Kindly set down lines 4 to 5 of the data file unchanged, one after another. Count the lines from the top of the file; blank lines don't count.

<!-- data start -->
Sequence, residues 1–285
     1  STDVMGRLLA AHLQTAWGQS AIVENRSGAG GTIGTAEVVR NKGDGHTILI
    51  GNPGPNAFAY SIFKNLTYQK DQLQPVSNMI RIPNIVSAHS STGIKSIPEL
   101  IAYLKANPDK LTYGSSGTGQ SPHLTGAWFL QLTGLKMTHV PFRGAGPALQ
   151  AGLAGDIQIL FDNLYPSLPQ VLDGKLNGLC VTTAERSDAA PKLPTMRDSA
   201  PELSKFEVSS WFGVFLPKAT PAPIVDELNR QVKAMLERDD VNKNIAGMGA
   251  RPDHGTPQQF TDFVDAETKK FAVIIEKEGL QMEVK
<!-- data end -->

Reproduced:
   101  IAYLKANPDK LTYGSSGTGQ SPHLTGAWFL QLTGLKMTHV PFRGAGPALQ
   151  AGLAGDIQIL FDNLYPSLPQ VLDGKLNGLC VTTAERSDAA PKLPTMRDSA